In a new triple biography about the decades-long friendship between Generals George Patton, John D. “Ike” Eisenhower, and Omar Bradley, military historian Jonathan Jordan describes just how hard it is to implement a plan, even if you are white, male, American and have supreme executive authority.
I provided comments on an early draft of this national best-seller, “Brothers, Rivals, Victors” for my brother, Jon (see also the “NY Times” review). I’m not a military historian but I was hooked by the fascinating story of three men at the height of military power when goals were clear and concrete and given the resources of the Western alliance. The three were also friends, having known and respected each other for decades.
But as Winston Churchill’s opening quotation reads, “The only thing worse [than] fighting a war with allies is fighting a war without them.” In this case the friends come from three different backgrounds -- Patton was cultured and patrician; Ike middle-class; Bradley poor and under-confident -- and had three different skill sets -- Patton implemented; Ike politicked; and Bradley strategized. As the book gallops into the challenges of huge battles, wheels through the emotional challenges of wins and losses and the precarious state of any general’s position in the war’s efforts, you end up feeling pity for men who are battered by the enemy, by their own bodies and by each other.
Two things about their relationship jump out at the reader who studies leadership and management.
First, if leadership is this difficult for people with supreme executive authority -- including the power to shoot those who do not obey -- what does that mean for people without such recourse to violence or government authority (like those of us in the church)? This goes to the root of real power: the ability to influence, not the title (or means to coerce). As comedian Tina Fey says, “If you have to say, ‘Because I’m your mother,’ you’ve already lost.”
Even with established authority, each of the generals had to persuade, politic and sometimes ignore each other to do what each thought was right. The diaries show bitter invective written against each other at different times -- when friends became “frenemies.” Yet they were careful not to burn bridges publicly, knowing that tables shift quickly at times of war. Ike would recall later the joy of his friendship with George and his admiration of Bradley, not their times of bitter rancor.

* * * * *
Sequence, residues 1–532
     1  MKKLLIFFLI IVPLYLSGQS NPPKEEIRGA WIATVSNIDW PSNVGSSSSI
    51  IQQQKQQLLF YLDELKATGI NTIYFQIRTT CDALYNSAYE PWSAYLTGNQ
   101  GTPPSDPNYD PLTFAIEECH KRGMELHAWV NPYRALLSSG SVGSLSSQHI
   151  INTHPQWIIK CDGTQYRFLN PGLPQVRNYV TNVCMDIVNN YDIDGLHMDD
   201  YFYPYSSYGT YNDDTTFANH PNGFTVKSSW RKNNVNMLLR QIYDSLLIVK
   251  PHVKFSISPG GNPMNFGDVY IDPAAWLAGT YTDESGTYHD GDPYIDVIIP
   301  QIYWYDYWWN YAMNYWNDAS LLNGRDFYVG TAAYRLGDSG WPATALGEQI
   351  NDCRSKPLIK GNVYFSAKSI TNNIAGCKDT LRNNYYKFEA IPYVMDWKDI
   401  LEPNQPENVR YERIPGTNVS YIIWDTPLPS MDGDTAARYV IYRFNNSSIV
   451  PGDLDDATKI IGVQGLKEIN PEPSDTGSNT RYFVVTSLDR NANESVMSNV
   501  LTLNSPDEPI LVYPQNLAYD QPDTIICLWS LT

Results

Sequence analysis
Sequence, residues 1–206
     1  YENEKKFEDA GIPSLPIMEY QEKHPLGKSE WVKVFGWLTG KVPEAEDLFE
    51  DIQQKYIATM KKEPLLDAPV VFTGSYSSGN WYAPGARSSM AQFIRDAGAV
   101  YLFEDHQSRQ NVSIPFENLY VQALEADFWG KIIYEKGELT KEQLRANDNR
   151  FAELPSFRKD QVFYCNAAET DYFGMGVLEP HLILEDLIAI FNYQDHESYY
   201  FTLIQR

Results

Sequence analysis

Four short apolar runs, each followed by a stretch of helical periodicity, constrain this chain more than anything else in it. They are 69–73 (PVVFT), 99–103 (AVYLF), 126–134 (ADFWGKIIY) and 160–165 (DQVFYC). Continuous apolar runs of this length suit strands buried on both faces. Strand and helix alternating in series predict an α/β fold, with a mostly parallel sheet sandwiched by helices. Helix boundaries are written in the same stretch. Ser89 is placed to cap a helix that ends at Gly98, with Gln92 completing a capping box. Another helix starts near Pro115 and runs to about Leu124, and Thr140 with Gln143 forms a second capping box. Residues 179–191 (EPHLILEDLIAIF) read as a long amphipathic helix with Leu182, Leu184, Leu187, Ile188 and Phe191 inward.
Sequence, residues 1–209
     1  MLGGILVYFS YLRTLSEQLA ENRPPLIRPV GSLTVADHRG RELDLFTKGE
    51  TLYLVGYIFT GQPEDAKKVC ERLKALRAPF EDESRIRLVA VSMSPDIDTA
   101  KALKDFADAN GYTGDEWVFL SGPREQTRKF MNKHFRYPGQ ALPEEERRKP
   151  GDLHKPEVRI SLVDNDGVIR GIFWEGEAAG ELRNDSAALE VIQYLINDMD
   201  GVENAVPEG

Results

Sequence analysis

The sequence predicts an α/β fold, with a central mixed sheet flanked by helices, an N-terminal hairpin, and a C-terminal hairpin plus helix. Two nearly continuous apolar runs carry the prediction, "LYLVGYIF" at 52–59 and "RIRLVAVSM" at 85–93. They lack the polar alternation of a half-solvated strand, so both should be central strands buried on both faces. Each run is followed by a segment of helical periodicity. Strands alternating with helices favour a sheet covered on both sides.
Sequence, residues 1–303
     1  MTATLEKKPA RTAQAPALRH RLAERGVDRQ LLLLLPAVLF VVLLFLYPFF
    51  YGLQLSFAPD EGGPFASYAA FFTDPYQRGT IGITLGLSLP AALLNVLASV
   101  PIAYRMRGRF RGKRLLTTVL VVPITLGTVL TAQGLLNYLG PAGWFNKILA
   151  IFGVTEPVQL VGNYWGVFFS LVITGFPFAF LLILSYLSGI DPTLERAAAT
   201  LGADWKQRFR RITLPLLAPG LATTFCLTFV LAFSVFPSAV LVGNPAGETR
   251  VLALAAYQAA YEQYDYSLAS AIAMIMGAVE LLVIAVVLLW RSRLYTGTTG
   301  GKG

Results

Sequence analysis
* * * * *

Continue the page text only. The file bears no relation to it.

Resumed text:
Second, one can see a true waste of human gifts in the failure to have courageous conversations about performance. Theodore Ryan, consulting professor of leadership and ethics at Duke’s business school, commented on the book, saying, “If a general made a mistake he was routinely dismissed or shunted to the sidelines. His failure to complete a mission as tasked was regarded as a definitive measure of his ultimate capacities, rather than as an opportunity to learn and improve. What talent and time could have been saved if these friends had just engaged in mature conversation about how to improve performance…Lacking honest communication about each other’s intent and views…is it an irony that these men, who exhibited tremendous physical courage, often found it too difficult to confront each other honestly?”
Conversations about feelings among war-hardened soldiers? Laughing yet? Think again.
The U.S. Army has pioneered a new program for resilience-building and post-traumatic stress growth (note the emphasis on “growth” and not trauma). A signature component of the program is “master resilience training” that helps leaders embrace and teach resilience by identifying their social strengths and building strong relationships.
The purpose of this training is renewal and flourishing. In the face of change and terrible failures (where lives are lost), soldiers are giving the course an average rating of 4.9 - 5.0 out of 5.0, saying, “it’s the best course they’ve ever had in the army.”
I’ve met principled church leaders who disagree with much the U.S. military does and the pervasive use of military analogies, especially where differing viewpoints are worthy and underrepresented. The church might instead see what this influential institution is doing right, in part because everyone has failures. These can be our greatest gifts if we renew in ways that help us flourish.
So ask your staff, what do we do to build resilience? How does our institution nurture strong relationships? If our staff team were compared with the U.S. Army of the 1940s or today, how would we be alike or different? Open your mind to this new resiliency-building and see how it might touch the hearts and minds of those with whom you work and with whom you minister.
Allegra Jordan serves as executive director, social sector at Duke Divinity School.